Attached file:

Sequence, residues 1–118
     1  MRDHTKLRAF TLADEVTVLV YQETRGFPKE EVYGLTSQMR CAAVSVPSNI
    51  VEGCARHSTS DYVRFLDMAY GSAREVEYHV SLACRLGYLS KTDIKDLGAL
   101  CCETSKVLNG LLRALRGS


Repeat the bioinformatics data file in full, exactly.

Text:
Sequence, residues 1–118
     1  MRDHTKLRAF TLADEVTVLV YQETRGFPKE EVYGLTSQMR CAAVSVPSNI
    51  VEGCARHSTS DYVRFLDMAY GSAREVEYHV SLACRLGYLS KTDIKDLGAL
   101  CCETSKVLNG LLRALRGS